Tunisia inquests: Customer expected Thomson to flag up high risk of terrorism

Tunisia inquests: Customer expected Thomson to flag up high risk of terrorism

The wife of one of the Sousse massacre victims has told the inquests into the deaths she would have expected to have been made aware of the “high” risk of terrorism in Tunisia prior to booking their trip.

Cheryl Stollery, whose husband John, 58, was one of the 30 Britons shot by lone Islamic State gunman Seifeddine Rezgui, said she expects travel agents to make customers aware of “anything untoward”.

When asked about the booking process, she said she had been to Sousse before, including in February of 2015 – four months prior to the attack – and always found it safe.

But she said did not check the Foreign and Commonwealth Office’s travel advice, which Tui is responsible for referring customers to prior to bookings.

Stollery said: “The relationship we had with the people selling the holidays was that they advised us.

“Whether we were dealing with Kuoni, Thomas Cook or Thomson – all well-known brands – I felt confident that if there was anything I needed to know that the information would be shared with me prior to booking the holiday, or departure.”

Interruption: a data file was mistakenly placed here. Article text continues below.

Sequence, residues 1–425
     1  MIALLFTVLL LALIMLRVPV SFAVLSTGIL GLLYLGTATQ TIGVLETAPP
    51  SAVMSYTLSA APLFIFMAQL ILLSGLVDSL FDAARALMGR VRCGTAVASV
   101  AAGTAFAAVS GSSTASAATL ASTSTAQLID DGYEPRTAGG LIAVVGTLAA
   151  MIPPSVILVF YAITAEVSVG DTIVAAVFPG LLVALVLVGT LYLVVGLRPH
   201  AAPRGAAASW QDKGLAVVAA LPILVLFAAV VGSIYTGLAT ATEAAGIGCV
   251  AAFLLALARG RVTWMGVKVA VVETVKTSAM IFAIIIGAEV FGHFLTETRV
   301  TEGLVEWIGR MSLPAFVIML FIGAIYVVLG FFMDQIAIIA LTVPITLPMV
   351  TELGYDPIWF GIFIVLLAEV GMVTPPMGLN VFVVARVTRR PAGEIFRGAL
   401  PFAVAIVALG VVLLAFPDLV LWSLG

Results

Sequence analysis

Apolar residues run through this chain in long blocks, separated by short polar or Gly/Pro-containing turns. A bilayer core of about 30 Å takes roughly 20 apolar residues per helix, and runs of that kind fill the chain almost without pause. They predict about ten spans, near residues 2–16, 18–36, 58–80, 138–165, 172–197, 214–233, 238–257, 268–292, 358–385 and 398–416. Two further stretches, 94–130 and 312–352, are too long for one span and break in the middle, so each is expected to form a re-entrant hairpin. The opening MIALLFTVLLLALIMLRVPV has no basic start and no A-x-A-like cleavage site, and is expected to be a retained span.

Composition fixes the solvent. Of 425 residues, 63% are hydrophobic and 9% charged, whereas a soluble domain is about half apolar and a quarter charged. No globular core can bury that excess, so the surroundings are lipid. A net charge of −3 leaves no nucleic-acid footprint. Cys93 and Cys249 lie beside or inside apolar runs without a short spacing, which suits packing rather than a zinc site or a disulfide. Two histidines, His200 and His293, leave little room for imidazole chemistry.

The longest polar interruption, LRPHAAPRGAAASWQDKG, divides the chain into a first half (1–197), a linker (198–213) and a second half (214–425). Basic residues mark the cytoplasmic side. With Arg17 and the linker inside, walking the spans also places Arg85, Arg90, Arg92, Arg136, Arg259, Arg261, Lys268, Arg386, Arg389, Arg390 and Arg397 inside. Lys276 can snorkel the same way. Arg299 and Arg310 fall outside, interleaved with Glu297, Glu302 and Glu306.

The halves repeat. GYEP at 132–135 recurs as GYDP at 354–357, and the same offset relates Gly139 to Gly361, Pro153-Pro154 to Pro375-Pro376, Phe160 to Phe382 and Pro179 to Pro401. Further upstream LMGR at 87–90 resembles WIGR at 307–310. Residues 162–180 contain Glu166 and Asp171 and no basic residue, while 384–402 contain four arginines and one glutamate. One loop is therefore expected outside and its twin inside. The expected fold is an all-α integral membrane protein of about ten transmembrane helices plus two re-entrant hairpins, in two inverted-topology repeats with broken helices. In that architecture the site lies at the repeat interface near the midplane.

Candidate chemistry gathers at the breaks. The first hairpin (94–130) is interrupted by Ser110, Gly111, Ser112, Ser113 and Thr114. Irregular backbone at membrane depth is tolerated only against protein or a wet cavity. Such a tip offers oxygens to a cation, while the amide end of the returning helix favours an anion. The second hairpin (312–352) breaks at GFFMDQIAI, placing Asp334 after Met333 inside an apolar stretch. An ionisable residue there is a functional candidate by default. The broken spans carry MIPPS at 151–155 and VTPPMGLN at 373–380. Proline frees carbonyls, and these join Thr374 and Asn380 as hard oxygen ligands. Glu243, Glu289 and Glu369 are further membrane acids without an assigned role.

The coroner heard that Stollery paid the balance for the holiday at the Bureau de Change at Thomson’s Retford agency on a busy Saturday morning after a separate terrorist attack had taken place in Tunisia at the Bardo museum in Tunis which led to the death of 21 tourists including one Briton.

Stollery, who produced a travel wallet full of receipts and documents such as her insurance policy, added: “I booked by chit-chat. We rely on their professional advice and I felt confident that if I needed to be made aware of something they would have contacted me.

“I felt that, if there had been anything untoward, the people at the Thomson shop in Retford would have alerted me. I had no documents [advising her to check government travel advice] whatsoever and no verbal communication.”

When asked what she would have done had she been pointed in the direction of the Foreign Office advice – which warned of a “high” risk of terrorism – she said she would not have booked the holiday.

She added: “We would have still wanted to have gone on holiday but we would have most definitely changed the destination regardless of cost. Safety was more of an issue. We would never have booked anything that had put ourselves or [their son] Matthew at risk.”


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